A thorough explanation for the rise of the nationalist and fascist groups who set the stage for World War II.




The first study of the disorders that shook all the defeated states of Europe following World War I.

For the nations that lost the war, the fighting did not end with the armistice in November 1918. On the contrary, Gerwarth (Modern History/Univ. College, Dublin; Hitler's Hangman: The Life of Heydrich, 2011, etc.) asserts that between 1918 and 1923, postwar Europe was "the most violent place on the planet." Russia, of course, was swept up in its own revolution and civil war. While the victors connived in Paris to reorganize a continent previously dominated by land empires into one composed of nation-states, from the Baltic to the Caucasus, the territories of the collapsed Austro-Hungarian, German, and Ottoman empires were torn by civil wars and revolutions of their own and by interstate wars like the ill-advised Greek invasion of Turkey in 1919. As a result, writes Gerwarth, "none of the defeated states of the Great War managed to return to anything like pre-war levels of domestic stability and internal peace." Although the 1923 Conference of Lausanne ended the Greco-Turkish conflict and marked the exhaustion of this spasm of violence, the author contends that it laid the foundation for later ethnic cleansing because it "established the legal right of state governments to expel large parts of their citizens on the grounds of 'otherness.' It fatally undermined cultural, ethnic and religious plurality as an ideal.” In this extensively researched and crisply written account, Gerwarth explores the political and military upheavals throughout central Europe, including those in unfamiliar nations like Bulgaria and radically dismembered Hungary. The author’s consistent focus on national governments, paramilitary groups like the various German Freikorps, and statistical counts of victims of violence and famine at the expense of personal experiences of ordinary people caught up in the chaos sometimes renders the narrative a little dry, but it is certainly authoritative.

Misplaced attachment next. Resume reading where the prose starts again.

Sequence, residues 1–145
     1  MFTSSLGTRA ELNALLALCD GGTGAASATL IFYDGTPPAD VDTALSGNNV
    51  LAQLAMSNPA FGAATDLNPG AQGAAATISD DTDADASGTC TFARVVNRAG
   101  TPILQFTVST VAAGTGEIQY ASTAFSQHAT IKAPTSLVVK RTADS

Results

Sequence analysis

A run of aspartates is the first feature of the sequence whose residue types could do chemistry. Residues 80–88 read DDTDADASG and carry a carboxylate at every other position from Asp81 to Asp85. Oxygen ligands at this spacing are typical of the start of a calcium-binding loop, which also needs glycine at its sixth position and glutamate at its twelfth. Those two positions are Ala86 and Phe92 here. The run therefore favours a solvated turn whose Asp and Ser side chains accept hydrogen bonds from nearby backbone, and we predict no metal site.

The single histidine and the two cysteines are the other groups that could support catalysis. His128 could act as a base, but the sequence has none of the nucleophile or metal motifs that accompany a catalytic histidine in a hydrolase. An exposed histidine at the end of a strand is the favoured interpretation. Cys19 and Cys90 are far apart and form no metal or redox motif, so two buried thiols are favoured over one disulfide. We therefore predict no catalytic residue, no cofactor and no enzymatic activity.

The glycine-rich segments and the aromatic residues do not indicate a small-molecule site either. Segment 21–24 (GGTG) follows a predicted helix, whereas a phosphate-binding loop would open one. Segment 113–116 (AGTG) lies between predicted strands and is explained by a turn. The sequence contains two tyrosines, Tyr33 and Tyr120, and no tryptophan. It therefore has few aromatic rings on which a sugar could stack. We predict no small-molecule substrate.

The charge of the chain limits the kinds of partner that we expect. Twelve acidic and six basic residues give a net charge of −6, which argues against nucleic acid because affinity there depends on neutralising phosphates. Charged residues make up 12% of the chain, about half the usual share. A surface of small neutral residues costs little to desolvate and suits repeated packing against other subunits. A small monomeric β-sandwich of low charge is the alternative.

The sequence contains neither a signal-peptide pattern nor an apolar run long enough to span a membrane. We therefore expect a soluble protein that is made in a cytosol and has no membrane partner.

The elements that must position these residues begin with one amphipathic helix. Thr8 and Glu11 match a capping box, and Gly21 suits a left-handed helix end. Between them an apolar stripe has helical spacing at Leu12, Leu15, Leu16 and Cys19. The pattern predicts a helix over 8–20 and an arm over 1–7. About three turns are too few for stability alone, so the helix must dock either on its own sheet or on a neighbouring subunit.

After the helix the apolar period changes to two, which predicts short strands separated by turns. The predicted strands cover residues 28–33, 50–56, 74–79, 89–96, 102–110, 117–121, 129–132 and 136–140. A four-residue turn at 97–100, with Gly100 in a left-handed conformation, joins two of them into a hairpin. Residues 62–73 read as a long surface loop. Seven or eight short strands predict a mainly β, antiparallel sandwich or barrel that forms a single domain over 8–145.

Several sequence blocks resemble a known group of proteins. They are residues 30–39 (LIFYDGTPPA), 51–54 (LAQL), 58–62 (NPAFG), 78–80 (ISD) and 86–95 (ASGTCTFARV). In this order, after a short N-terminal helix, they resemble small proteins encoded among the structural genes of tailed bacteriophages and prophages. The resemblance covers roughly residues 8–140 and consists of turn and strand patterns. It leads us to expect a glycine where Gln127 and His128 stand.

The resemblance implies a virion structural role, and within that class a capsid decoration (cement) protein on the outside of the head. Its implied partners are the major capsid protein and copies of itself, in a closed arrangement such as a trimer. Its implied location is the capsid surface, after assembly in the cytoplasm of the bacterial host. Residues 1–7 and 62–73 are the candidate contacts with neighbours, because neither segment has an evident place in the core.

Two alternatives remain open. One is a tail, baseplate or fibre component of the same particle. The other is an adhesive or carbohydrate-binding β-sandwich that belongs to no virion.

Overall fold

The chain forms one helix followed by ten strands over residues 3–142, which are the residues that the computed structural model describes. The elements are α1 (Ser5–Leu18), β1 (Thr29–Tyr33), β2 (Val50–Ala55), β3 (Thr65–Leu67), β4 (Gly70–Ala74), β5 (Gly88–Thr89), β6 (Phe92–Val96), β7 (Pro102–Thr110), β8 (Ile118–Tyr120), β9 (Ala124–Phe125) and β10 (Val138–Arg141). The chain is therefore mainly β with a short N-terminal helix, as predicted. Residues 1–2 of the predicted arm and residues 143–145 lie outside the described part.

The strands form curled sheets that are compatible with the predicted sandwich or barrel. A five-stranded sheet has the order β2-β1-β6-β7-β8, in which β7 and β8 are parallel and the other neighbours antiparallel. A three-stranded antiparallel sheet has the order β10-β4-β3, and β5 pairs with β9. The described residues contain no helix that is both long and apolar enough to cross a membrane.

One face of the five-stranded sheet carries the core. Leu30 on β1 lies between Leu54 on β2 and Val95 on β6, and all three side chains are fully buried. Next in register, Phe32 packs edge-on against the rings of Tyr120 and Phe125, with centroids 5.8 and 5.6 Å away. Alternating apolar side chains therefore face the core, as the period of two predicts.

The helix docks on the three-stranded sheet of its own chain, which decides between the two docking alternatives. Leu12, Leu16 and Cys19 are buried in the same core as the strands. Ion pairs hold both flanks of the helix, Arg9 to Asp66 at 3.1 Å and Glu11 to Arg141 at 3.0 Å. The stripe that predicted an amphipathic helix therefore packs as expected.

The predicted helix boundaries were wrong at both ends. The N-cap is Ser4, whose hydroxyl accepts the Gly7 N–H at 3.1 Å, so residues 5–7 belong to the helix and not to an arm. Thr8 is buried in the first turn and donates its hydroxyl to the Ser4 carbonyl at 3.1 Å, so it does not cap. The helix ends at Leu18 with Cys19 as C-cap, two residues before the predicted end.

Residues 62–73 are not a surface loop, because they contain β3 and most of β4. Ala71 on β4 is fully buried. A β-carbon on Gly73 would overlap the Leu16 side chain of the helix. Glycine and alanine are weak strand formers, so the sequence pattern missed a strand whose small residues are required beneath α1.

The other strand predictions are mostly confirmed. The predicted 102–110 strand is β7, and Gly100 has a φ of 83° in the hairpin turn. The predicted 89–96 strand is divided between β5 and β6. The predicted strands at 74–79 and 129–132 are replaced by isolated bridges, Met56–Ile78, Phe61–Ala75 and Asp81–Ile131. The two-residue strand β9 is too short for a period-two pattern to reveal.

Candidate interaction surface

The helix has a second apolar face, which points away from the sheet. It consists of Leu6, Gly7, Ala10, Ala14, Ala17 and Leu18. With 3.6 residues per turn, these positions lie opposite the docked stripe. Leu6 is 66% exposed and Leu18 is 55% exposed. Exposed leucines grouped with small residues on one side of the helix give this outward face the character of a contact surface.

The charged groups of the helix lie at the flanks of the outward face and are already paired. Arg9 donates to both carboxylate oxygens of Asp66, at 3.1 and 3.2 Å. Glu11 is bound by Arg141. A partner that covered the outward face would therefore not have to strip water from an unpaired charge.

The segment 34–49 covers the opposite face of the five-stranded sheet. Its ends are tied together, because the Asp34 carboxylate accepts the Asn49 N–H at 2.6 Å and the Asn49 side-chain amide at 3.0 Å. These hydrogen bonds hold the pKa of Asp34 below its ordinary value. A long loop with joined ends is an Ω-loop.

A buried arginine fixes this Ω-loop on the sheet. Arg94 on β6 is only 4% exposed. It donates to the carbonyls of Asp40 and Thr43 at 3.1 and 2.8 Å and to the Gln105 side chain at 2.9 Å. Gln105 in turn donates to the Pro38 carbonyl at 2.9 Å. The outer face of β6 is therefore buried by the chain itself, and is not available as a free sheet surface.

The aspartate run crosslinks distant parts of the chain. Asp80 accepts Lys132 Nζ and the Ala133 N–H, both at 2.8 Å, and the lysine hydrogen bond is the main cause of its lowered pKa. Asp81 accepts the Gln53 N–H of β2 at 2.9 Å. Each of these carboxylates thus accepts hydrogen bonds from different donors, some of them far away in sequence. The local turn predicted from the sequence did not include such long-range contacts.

A thorough explanation for the rise of the nationalist and fascist groups who set the stage for World War II.

Pub Date: Nov. 15, 2016

ISBN: 978-0-374-28245-5

Page Count: 464

Publisher: Farrar, Straus and Giroux

Review Posted Online: Sept. 6, 2016

Kirkus Reviews Issue: Sept. 15, 2016

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The author's youthfulness helps to assure the inevitable comparison with the Anne Frank diary although over and above the...


Elie Wiesel spent his early years in a small Transylvanian town as one of four children.